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combine

[verb kuh m-bahyn for 1, 2, 6, kom-bahyn for 3, 7; noun kom-bahyn, kuh m-bahyn for 8, 9, kom-bahyn for 10] /verb kəmˈbaɪn for 1, 2, 6, ˈkɒm baɪn for 3, 7; noun ˈkɒm baɪn, kəmˈbaɪn for 8, 9, ˈkɒm baɪn for 10/
verb (used with object), combined, combining.
1.
to bring into or join in a close union or whole; unite:
She combined the ingredients to make the cake. They combined the two companies.
2.
to possess or exhibit in union:
a plan that combines the best features of several other plans.
3.
to harvest (grain) with a combine.
verb (used without object), combined, combining.
4.
to unite; coalesce:
The clay combined with the water to form a thick paste.
5.
to unite for a common purpose; join forces:
After the two factions combined, they proved invincible.
6.
to enter into chemical union.
7.
to use a combine in harvesting.
noun
8.
9.
a combination of persons or groups for the furtherance of their political, commercial, or other interests, as a syndicate, cartel, or trust.
10.
a harvesting machine for cutting and threshing grain in the field.
Origin of combine
late Middle English
1375-1425
1375-1425; late Middle English combinen (< Middle French combiner) < Late Latin combīnāre, equivalent to com- com- + -bīnāre, verbal derivative of bīnī by twos (cf. binary)
Related forms
combiner, noun
intercombine, verb (used with object), intercombined, intercombining.
noncombining, adjective
precombine, verb, precombined, precombining.
recombine, verb, recombined, recombining.
recombiner, noun
uncombining, adjective
Synonyms
1. compound, amalgamate. See mix. 9. merger, monopoly, alignment, bloc.
Antonyms
1, 4. separate.
Dictionary.com Unabridged
Based on the Random House Dictionary, © Random House, Inc. 2017.
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Examples from the Web for combine
Contemporary Examples
Historical Examples
  • It is individual ardour alone that can combine into larger flame.

    Weighed and Wanting George MacDonald
  • If we are going to combat the 'yellow peril' we must combine against it.

    Her Father's Daughter Gene Stratton-Porter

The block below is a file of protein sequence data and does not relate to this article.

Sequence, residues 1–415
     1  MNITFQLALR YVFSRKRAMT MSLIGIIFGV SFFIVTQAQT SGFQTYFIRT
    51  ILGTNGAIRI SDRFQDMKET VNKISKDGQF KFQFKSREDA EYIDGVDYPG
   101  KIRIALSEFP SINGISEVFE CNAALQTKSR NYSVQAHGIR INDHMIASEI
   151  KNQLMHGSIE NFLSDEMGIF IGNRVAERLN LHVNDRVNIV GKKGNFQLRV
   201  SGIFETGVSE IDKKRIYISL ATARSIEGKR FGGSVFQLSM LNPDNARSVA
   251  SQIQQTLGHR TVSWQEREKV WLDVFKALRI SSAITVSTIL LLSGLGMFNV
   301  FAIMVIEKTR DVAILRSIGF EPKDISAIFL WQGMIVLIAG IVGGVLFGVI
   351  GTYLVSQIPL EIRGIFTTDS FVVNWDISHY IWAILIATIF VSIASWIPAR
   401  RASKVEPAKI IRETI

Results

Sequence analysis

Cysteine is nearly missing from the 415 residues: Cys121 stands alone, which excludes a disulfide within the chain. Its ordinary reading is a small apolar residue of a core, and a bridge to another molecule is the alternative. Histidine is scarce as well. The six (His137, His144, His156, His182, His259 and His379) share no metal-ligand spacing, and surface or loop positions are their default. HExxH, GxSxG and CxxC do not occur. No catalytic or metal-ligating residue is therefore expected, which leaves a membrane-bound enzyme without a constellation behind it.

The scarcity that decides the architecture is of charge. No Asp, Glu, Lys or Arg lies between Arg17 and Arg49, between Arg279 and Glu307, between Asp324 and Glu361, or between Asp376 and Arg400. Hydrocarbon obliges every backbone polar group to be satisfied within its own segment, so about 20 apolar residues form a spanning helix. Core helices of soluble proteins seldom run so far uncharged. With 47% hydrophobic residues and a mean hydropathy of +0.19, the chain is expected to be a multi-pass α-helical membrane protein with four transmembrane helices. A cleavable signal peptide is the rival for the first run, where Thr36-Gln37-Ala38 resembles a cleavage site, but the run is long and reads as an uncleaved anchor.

• He changed his mind and decided to combine safaris with the Leopard Woman.

    The Leopard Woman Stewart Edward White
  • But some day the classes must combine to make a stand against the masses.

    Roden's Corner Henry Seton Merriman
  • Can you think of any other method that will combine duplicity with a clear conscience?

    One Day's Courtship Robert Barr
British Dictionary definitions for combine

combine

verb (kəmˈbaɪn)
1.
to integrate or cause to be integrated; join together
2.
to unite or cause to unite to form a chemical compound
3.
(agriculture) to harvest (crops) with a combine harvester
noun (ˈkɒmbaɪn)
4.
(agriculture) short for combine harvester
5.
an association of enterprises, esp in order to gain a monopoly of a market
6.
an association of business corporations, political parties, sporting clubs, etc, for a common purpose
Derived Forms
combinable, adjective
combinability, noun
combiner, noun
Word Origin
C15: from Late Latin combīnāre, from Latin com- together + bīnī two by two
Collins English Dictionary - Complete & Unabridged 2012 Digital Edition
© William Collins Sons & Co. Ltd. 1979, 1986 © HarperCollins
Publishers 1998, 2000, 2003, 2005, 2006, 2007, 2009, 2012
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Word Origin and History for combine
v.

early 15c., from Middle French combiner (14c.), from Late Latin combinare "to unite, yoke together," from Latin com- "together" (see com-) + bini "two by two," adverb from bi- "twice" (see binary). Related: Combinative; combined; combining.

n.

"machine that cuts, threshes and cleans grain" (short for combine harvester), 1857, from combine (v.).

Online Etymology Dictionary, © 2010 Douglas Harper
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